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Jeremy Lane’s national-anthem protest is an opportunity to learn about him, not judge him

Jeremy Lane followed Colin Kaepernick's lead by sitting for the national anthem in protest of racial inequality. (AP)

OAKLAND, Calif. – I don’t understand what motivated Seahawks cornerback Jeremy Lane to sit down during the national anthem before Thursday’s preseason game against the Raiders.

That’s an admission of mine, though, more than it is a criticism of him.

I’ve covered the Seahawks for each of Lane’s first four NFL seasons. I’ve interviewed him at least half a dozen times. I know he’s from Tyler, Texas, the same hometown as former Seahawks quarterback Matt Flynn. I know that Lane has a dog named Silver, and I know he worked his tail off to come back from those two stomach-wrenching injuries in the Super Bowl against New England, when he suffered a torn knee ligament and a horrific broken arm virtually simultaneously.

But I don’t know Lane like I know some of Seattle’s other players, which means I don’t really understand what motivated him to follow the lead of 49ers quarterback Colin Kaepernick and sit on the bench during the national anthem.

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That’s on me. I haven’t taken the time to get to know Lane, and if I don’t really know him, how can I judge him for that?

Yet that one action is all it took for one of the most anonymous players on one of the league’s most prominent teams to become a central figure in what has become a national shouting match over everything from racism to patriotism. He was one of three NFL players to make a gesture of protest during the national anthem this week. Kaepernick and fellow 49er Eric Reid went down on one knee Thursday in San Diego.

I don’t like the gesture. For me, it is a statement of division rather than a call for unity. Not only that, but I think the anger it engenders will be counterproductive, making it harder to develop the kind of mutual understanding that we need to diminish the very issues that are being protested. But mostly, I don’t like it because it conflicts with my feelings when I see the flag and hear our national anthem before a football game. I think of the soldiers who have sacrificed years – and in some cases, their lives – to preserve our freedom. I think of my in-laws who emigrated from Hong Kong in the 1970s, drawn to the United States by the opportunities that have been fulfilled by two ambitious and loving children, one of whom I’m grateful to have as my spouse. I think of the room that this country has afforded so many people to pursue their dreams.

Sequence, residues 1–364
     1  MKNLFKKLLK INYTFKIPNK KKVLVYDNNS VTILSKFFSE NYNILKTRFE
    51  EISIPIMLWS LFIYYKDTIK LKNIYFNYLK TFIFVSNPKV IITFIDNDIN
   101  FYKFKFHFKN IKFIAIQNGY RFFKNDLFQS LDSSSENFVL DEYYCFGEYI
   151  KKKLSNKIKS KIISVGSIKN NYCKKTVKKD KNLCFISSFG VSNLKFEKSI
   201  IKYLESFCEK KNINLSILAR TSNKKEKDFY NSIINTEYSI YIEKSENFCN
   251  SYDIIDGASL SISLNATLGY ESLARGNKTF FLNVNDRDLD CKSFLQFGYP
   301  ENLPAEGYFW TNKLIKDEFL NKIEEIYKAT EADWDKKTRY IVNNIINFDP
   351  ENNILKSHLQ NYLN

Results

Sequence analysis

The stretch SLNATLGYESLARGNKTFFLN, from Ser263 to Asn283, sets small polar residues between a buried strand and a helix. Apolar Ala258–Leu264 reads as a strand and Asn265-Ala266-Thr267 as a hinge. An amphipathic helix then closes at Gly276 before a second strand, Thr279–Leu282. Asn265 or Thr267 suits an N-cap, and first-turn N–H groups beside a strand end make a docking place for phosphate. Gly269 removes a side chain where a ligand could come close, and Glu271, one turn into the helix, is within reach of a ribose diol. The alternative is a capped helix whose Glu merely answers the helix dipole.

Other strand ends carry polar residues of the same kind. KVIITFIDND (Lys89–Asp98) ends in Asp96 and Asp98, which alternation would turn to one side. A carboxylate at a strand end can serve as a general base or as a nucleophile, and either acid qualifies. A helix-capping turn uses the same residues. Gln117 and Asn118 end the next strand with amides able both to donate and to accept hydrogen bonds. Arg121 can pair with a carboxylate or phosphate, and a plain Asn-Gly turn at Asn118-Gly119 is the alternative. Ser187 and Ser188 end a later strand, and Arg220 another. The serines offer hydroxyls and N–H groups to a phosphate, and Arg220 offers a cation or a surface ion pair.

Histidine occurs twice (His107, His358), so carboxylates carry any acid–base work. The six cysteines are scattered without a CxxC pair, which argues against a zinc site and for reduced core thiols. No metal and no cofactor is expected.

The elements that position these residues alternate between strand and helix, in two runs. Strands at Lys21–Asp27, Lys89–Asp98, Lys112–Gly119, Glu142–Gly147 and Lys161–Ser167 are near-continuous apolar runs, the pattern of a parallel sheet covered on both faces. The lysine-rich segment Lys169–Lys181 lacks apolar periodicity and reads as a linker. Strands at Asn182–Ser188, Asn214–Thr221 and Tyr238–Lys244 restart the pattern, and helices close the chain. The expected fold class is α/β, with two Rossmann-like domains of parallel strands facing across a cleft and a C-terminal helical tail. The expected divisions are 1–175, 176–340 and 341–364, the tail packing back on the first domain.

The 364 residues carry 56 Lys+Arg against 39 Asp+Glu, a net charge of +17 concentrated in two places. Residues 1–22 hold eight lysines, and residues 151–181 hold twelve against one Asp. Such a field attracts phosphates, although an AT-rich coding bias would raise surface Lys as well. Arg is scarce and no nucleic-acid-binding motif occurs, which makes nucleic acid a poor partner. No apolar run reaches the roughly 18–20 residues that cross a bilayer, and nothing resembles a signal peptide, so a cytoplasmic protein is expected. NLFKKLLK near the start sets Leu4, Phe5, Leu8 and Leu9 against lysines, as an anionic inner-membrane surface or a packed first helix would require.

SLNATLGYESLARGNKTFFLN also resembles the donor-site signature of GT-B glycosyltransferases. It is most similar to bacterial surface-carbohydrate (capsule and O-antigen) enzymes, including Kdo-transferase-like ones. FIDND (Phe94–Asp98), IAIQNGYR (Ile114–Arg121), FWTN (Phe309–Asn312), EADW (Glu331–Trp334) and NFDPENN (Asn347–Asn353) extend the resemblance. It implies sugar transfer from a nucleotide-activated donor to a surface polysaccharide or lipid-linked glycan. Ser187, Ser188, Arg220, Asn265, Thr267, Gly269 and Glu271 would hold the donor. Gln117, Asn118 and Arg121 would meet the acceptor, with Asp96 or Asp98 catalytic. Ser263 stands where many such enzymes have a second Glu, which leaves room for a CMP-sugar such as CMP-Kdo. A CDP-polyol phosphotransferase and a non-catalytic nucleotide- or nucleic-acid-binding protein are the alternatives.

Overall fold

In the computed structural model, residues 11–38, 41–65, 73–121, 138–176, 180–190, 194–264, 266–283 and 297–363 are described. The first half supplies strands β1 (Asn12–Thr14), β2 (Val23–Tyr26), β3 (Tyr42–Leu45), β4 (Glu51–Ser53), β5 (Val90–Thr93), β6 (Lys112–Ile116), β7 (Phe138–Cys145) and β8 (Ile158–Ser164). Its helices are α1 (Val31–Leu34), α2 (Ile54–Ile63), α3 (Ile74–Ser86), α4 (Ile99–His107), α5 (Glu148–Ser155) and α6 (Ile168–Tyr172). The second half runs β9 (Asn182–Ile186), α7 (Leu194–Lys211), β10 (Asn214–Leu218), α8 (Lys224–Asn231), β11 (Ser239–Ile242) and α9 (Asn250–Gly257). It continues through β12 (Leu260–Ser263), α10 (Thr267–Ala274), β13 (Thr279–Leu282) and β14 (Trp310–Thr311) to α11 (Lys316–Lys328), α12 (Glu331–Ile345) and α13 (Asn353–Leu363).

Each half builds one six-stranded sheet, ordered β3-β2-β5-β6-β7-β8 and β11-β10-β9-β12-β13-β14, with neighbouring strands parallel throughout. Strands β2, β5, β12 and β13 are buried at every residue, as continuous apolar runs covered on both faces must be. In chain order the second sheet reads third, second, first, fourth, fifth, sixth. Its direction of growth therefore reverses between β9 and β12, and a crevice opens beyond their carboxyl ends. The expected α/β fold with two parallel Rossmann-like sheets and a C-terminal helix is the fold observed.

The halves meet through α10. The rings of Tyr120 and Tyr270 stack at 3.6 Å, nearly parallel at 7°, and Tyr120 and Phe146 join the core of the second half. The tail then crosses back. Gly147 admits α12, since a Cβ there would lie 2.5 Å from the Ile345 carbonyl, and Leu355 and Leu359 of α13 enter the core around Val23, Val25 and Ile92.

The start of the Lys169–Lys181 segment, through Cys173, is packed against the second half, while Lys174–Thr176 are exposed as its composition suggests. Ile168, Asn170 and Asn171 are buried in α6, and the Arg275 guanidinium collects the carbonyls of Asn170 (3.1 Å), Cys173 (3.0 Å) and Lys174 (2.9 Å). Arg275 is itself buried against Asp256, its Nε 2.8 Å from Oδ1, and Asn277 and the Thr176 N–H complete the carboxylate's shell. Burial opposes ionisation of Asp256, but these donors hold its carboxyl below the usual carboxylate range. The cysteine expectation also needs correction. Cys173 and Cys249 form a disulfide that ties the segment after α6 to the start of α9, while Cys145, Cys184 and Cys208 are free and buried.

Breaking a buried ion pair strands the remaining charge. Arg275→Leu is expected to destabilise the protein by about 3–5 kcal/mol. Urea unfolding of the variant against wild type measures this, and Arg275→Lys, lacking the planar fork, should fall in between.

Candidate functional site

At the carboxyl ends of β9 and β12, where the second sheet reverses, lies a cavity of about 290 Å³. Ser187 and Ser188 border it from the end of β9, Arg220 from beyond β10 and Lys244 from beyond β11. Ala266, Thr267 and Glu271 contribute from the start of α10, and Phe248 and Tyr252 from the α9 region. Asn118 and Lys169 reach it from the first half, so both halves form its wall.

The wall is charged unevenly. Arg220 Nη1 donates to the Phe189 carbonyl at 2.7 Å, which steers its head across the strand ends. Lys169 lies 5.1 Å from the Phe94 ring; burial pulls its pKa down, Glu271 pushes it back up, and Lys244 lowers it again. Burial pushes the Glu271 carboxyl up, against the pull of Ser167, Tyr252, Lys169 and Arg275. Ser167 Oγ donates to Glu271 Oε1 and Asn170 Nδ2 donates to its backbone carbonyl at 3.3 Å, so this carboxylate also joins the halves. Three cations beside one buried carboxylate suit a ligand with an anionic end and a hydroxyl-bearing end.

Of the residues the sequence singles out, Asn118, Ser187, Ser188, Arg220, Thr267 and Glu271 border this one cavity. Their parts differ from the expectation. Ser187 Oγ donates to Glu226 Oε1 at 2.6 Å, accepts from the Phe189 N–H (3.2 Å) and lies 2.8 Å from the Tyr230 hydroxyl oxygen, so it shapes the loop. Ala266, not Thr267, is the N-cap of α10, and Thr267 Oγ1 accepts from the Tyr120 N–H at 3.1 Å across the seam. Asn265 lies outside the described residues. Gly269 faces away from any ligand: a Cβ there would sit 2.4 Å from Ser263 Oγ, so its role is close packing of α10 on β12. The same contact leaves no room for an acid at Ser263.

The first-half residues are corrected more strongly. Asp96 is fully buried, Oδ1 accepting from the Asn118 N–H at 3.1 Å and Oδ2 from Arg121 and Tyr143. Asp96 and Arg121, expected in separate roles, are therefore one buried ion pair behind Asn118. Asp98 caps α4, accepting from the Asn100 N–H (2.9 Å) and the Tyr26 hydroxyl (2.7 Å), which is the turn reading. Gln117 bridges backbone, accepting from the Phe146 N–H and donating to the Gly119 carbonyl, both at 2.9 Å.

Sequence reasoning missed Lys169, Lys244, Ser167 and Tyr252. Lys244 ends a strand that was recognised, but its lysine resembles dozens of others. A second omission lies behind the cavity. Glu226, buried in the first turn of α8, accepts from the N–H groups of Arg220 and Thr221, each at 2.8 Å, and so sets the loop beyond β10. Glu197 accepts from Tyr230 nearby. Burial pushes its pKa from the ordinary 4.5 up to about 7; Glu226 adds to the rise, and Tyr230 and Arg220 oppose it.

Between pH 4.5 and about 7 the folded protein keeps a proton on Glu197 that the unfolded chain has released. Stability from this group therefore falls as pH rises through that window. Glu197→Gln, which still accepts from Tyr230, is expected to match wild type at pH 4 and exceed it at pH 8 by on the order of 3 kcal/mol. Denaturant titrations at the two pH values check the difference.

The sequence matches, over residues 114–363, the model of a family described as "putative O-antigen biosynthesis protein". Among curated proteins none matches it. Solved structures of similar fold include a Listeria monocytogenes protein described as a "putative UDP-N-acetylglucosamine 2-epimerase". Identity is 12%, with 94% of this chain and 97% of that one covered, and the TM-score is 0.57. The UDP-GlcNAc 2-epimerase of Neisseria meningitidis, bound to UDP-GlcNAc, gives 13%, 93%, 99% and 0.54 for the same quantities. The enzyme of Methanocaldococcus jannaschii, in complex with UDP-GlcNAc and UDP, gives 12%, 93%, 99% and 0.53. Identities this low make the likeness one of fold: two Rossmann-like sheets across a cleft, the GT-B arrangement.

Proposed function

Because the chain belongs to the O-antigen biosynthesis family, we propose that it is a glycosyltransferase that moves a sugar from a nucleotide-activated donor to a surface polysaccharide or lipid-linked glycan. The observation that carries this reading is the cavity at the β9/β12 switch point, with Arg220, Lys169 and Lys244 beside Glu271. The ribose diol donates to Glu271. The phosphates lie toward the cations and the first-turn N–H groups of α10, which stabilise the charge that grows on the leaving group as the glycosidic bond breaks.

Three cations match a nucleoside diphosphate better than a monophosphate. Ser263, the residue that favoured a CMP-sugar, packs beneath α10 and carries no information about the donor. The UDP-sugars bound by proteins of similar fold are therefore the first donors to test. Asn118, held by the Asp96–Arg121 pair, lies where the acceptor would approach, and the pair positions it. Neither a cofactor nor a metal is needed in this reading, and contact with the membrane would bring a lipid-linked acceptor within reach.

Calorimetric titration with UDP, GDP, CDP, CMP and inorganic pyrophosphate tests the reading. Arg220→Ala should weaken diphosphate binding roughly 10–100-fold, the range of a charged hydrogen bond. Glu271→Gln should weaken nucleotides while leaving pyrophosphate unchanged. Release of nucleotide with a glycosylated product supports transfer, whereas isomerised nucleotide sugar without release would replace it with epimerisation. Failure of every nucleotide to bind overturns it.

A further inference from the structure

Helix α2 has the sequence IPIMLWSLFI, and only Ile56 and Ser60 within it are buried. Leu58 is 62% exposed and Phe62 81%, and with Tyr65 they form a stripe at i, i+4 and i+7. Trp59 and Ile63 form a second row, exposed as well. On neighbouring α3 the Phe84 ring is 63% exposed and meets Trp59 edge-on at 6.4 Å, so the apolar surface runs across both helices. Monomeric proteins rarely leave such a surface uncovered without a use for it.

That is my experience in America, though. It is not necessarily Jeremy Lane’s experience as a black man in America. In fact, given what he did Thursday, I think it’s safe to say it’s most definitely not Jeremy Lane’s experience as a black man in America.

So instead of criticizing the messenger or scrutinizing the way Lane delivered the message, I am going to try to gain a deeper understanding of who he is and what he’s gone through. That means going beyond his postgame interview on Thursday when he expressed little more than a desire to show support for Kaepernick.